Help them to Avoid Debts as Adults
It is an inexorable process; kids grow up. Every cute toddler will soon be a grown man or woman with adult needs like money, a job, a partner. As parents we teach our children all the life lessons that they need to learn while they are in our care.
Before we know it our children are in high school and we can see the day coming when they will leave home. Once they leave home they will want their own banking facilities, rather than to be borrowing from you all the time.
The Importance of Savings
Savings are difficult for children because they have not yet learned about delayed gratification; many adults have the same problem. There are a few ways to encourage the savings habit:
- Give an extra allowance that you and the child pay into a savings account each week. This needs to be enough that the child will be able to extract part of the savings to buy something highly desirables within a reasonable timescale. Make the extra allowance conditional on maintaining a £100 balance in the account at all times. It is a good idea to start the savings account off by paying in £100 in cash
- Offer to match anything any amount over and above the extra allowance that your child saves
- Never give your child an advance of their weekly allowance. Everyone needs to live within their own means, advancing money is setting your child up for a borrowing habit and future debts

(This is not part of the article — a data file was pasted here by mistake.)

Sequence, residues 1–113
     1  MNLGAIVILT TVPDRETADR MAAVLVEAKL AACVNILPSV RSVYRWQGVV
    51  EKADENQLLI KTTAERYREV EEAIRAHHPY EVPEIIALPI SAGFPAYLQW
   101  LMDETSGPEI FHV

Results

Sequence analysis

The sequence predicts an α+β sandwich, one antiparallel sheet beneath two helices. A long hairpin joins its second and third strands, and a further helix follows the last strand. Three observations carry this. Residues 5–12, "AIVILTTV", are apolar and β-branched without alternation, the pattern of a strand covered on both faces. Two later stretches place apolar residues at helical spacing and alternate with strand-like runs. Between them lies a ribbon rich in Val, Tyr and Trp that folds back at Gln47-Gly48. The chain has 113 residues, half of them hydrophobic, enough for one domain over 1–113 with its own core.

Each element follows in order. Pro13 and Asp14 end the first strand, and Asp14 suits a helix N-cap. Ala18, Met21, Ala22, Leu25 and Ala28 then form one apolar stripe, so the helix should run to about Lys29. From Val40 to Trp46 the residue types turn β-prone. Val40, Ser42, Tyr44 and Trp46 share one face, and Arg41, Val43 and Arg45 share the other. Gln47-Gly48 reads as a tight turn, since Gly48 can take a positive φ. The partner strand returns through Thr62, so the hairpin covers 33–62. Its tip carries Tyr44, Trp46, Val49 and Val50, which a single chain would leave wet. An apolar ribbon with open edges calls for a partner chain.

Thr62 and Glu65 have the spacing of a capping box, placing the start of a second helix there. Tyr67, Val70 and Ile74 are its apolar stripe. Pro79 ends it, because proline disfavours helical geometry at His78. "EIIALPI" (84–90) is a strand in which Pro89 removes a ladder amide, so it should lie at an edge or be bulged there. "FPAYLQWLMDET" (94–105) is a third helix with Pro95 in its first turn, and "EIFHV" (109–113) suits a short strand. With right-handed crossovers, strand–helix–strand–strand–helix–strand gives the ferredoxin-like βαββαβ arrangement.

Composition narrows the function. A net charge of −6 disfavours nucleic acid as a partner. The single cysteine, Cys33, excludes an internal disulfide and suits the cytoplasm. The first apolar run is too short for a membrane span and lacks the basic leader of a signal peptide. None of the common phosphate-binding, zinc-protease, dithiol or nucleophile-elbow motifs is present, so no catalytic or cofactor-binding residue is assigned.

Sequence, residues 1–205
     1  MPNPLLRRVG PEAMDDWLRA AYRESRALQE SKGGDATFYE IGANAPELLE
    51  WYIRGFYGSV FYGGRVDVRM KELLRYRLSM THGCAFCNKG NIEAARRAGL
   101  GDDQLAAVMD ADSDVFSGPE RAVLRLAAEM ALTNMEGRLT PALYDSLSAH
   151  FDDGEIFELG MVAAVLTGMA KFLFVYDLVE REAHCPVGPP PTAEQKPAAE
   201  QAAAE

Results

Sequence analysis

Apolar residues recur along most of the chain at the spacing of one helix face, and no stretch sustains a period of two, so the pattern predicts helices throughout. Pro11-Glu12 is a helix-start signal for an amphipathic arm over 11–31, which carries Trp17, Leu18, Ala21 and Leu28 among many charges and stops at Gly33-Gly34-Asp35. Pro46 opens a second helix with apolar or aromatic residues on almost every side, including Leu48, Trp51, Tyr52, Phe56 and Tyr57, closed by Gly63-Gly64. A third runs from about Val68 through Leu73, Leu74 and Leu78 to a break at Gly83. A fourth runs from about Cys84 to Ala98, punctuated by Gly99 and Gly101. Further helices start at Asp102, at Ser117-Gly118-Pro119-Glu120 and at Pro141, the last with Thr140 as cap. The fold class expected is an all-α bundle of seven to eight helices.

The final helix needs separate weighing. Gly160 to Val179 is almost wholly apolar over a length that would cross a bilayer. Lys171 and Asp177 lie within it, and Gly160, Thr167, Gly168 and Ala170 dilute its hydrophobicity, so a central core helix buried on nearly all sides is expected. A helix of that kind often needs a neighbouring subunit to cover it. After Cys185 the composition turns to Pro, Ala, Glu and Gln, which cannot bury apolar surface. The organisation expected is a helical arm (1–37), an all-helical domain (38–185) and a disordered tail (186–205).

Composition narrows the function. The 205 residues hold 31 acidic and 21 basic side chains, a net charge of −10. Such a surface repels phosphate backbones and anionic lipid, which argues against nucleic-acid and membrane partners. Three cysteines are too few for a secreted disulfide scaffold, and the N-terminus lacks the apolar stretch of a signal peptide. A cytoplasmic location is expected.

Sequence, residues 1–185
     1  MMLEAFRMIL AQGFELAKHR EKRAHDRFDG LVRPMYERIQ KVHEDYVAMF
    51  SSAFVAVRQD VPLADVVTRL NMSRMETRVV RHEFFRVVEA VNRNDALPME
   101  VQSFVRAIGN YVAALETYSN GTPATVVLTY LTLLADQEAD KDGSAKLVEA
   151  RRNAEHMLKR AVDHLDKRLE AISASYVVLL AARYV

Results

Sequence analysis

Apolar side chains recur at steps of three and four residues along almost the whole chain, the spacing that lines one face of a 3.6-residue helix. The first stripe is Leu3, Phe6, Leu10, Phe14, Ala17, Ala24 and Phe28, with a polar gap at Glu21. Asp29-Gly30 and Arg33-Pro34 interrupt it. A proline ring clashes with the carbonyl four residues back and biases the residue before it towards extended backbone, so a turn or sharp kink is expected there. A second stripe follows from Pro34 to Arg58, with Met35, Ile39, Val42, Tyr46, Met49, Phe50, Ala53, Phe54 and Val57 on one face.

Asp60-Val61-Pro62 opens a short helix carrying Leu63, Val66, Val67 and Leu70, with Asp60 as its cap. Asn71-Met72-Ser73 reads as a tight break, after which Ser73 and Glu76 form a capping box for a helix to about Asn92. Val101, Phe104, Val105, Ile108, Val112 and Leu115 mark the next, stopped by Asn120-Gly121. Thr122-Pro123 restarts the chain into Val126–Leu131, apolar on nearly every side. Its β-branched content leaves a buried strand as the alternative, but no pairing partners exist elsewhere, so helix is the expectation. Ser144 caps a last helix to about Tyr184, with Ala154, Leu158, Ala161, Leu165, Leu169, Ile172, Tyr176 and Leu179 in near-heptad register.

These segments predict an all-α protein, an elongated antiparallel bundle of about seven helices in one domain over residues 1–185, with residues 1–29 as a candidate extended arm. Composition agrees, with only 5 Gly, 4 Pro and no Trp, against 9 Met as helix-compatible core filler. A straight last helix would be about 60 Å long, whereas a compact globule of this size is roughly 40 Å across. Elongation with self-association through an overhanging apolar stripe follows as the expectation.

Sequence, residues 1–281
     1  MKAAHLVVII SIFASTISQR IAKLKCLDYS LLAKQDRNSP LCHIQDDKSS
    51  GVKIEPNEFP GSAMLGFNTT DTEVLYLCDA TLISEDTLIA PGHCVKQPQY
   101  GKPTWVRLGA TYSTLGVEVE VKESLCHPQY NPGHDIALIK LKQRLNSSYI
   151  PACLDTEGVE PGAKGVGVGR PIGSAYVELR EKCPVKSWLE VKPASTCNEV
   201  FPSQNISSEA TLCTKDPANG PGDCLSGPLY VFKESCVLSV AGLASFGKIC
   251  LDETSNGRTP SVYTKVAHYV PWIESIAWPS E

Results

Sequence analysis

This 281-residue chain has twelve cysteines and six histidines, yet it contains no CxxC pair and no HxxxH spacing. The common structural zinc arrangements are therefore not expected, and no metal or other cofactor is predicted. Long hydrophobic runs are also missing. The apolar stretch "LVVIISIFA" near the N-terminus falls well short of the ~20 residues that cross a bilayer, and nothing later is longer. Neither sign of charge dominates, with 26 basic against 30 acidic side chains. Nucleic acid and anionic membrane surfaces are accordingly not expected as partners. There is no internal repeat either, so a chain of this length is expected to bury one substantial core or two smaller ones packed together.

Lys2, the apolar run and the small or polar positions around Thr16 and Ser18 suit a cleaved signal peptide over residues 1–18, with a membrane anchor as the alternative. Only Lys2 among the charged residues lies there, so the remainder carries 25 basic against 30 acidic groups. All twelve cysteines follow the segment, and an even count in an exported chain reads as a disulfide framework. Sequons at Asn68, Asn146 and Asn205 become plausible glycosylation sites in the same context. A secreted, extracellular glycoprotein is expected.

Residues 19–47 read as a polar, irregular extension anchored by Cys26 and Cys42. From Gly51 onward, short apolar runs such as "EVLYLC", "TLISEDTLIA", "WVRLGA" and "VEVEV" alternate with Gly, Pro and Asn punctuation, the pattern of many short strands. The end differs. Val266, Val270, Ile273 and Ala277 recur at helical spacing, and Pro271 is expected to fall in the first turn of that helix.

A First Bank Account
Two of the values we try to inculcate in our children are hard work and the importance of saving. Most parents have been in the position of having borrowed too much at some point and want to help their offspring to avoid that particular pain.
It is a good idea to help your son or daughter to open a bank account as soon as they earn their first part-time wage. This account will not have a cheque book, though it will usually include an ATM card or even a Debit card.
Hopefully your son or daughter will have learned something about savings by this point. You can encourage the savings habit by again offering to match whatever he or she saves over a month. You can stipulate that the savings should be transferred to a savings account before you match them.
A First Loan
Once your child is eighteen he or she will have his or her on credit agency score, if there is any credit record to base it on. Good credit scores are worth a bit of effort to achieve because you can then borrow money more easily and at lower interest rates should the need arise.
Once your child has had a regular part-time income paid into the bank and a growing savings account for a year it is time to ask for a loan. This first loan should be a small one, and ideally one that is less than the savings account balance. £500 over a one year term makes a good first-time loan. As a parent you may be asked to co-sign this loan, especially in today’s risk-averse banking world.
Make sure that your teen pays off more than the minimum payment each month. At the end of that loan your teenager will have a positive credit record, of being able to handle debt and to repay it ahead of time.
A First Credit Card
Credit cards are a fact of adult life, and you need to help your teen to qualify for one and then to make a sensible credit card comparison in order to get the best deal. If you have been successful in teaching your child to save and to avoid debt then he or she will manage the credit card in a more adult way.
The most important fact to get across to your teenager about a credit card is that flashing the card does not pay for the goods. The goods are only paid for when the credit card bill is paid. Failure to grasp this simple fact is what leads so many to overspend on their cards.